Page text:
Further Readings: Bathon, J. (2004). ECS state notes gifted and talented: State gifted and talented definitions. Education Commission of the States; Dillard, J., and N. Brazil (Winter 2002). Improving the selection process for identifying gifted ethnic minority children: Race, ethnicity and public education. Trotter Review 14(1). Boston: University of Massachusetts Boston. William Monroe Trotter Institute. (ERIC Documentation Reproduction Service No. ED465838); Feldhusen, J. (1991). Effects of programs for the gifted: A search for evidence. In W. Thomas Southern, and Eric D. Jones, eds., The academic acceleration of gifted children. New York: Teachers College Press; Feldman, D. H. (1986). Nature’s gambit: Child prodigies and the development of human potential. New York: Basic Books, Inc.; Gallagher, J. J. (1996). A critique of critiques of gifted education. Journal for the Education of the Gifted 19(2), 234-249; Harrison, C. (Winter 2004). Giftedness in early childhood: The search for complexity and connection. Roeper Review 26(2), 7884; Lubinski, D., R. M. Webb, M. Morelock, and C. Benbow (2001). Top 1 in 10,000: A 10-year follow-up of the profoundly gifted. Journal of Applied Psychology 86(4), 718729; Oakes, J., and M. Lipton (1994). Foreword. In Mara Sapon-Shevin, Playing favorites: Gifted education and the disruption of the community. Albany, NY: State University of New York Press, pp. ix-xvi; Reid, B., and M. McGuire (1995). Square pegs in round holes—these kids don’t fit: Bright students with behavior problems (Report No. RBDM-9512). Storrs, CT: University of Connecticut, The National Research Center on the Gifted and Talented. (ERIC Documentation Reproduction Service No. ED402701); Sapon-Shevin, M. (2003). Equity, excellence and school reform: Why is finding common ground so hard? In James Borland, ed., Rethinking gifted education. Education and psychology of the gifted series. New York: Teachers College Press; Terman, L. (1916). The measurement of intelligence: An explanation of and a complete Guide for the use of the Stanford revision and extension of the Binet-Simon intelligence scale. Cambridge, MA: Houghton Mifflin Company; Winner, E. (2000). The origins and ends of giftedness. American Psychologist 55(1), 159-169.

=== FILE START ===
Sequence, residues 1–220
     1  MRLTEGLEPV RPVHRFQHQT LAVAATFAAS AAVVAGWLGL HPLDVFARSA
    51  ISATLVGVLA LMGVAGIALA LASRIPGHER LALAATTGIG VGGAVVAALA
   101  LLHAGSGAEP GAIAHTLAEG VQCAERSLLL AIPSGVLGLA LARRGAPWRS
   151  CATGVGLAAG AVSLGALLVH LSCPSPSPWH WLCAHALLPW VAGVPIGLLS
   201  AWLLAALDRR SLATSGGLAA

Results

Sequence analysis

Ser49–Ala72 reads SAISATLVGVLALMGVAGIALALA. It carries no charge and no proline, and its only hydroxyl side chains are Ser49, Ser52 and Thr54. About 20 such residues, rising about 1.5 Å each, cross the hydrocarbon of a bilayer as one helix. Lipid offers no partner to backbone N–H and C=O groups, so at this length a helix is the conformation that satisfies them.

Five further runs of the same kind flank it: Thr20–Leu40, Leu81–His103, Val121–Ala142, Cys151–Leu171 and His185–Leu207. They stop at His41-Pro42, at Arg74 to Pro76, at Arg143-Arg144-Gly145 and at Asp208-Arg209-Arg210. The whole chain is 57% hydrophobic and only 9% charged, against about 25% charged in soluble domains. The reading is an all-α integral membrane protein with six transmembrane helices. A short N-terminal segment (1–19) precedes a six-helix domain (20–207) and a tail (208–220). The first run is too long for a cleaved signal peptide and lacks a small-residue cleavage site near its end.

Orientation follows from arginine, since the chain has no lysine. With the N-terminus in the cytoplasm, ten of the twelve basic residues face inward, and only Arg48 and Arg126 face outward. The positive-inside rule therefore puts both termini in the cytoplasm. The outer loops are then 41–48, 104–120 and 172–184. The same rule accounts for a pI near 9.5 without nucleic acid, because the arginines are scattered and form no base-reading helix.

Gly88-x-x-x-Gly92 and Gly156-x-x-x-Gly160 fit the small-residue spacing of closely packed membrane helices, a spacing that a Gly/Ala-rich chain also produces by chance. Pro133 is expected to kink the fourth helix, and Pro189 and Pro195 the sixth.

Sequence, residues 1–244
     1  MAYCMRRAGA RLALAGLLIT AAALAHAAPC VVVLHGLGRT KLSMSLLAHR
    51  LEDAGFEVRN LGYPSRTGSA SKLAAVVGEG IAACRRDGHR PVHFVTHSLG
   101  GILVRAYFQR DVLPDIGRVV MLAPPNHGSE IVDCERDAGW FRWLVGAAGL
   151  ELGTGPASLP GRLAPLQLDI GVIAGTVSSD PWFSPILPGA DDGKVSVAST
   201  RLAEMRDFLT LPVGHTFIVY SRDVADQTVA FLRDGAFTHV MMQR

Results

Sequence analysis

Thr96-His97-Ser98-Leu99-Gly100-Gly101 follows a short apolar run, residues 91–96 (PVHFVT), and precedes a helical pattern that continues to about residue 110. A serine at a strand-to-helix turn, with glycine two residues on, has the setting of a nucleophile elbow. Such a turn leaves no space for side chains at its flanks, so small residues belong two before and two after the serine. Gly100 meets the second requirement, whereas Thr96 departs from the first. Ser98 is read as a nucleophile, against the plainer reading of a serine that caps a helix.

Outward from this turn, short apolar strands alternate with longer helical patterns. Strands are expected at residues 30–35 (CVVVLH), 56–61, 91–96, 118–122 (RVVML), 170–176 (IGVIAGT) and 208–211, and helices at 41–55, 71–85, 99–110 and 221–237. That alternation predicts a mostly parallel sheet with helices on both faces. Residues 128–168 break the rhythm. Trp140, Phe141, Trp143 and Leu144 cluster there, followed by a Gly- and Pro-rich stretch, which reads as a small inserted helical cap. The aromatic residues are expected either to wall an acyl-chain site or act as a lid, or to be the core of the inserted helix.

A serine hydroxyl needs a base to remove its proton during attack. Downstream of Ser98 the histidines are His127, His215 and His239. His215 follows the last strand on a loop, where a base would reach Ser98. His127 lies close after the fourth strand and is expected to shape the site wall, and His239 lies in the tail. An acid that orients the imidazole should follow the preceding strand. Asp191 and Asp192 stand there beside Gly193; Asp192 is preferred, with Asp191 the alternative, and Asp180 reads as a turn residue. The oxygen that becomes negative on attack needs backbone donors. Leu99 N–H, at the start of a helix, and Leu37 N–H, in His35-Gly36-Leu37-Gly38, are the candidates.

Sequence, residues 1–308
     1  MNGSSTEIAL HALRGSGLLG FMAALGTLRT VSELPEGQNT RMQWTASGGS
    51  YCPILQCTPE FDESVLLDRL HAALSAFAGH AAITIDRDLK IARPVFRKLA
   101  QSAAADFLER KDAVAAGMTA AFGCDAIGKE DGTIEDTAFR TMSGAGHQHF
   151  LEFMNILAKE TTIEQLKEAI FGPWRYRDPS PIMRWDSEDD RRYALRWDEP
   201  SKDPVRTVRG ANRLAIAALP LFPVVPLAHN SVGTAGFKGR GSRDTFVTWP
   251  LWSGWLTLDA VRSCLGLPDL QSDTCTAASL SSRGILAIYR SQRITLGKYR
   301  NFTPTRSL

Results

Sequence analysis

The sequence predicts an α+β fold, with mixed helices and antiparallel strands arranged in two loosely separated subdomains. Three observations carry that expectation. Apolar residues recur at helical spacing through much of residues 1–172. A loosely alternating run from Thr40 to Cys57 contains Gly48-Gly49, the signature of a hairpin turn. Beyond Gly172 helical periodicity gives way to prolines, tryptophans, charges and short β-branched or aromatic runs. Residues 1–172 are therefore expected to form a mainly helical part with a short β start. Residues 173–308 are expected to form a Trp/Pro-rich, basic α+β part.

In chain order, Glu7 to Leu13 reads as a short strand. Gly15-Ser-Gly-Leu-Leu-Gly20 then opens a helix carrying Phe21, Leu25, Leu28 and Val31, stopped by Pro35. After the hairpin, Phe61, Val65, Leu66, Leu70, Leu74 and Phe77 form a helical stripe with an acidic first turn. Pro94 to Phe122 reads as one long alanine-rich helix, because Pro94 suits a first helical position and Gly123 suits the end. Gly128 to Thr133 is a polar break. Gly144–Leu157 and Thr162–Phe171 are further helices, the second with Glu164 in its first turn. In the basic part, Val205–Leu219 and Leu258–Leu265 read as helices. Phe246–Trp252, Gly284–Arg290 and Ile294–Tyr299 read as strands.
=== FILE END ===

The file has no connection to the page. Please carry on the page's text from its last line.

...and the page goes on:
Sarah A. Leveque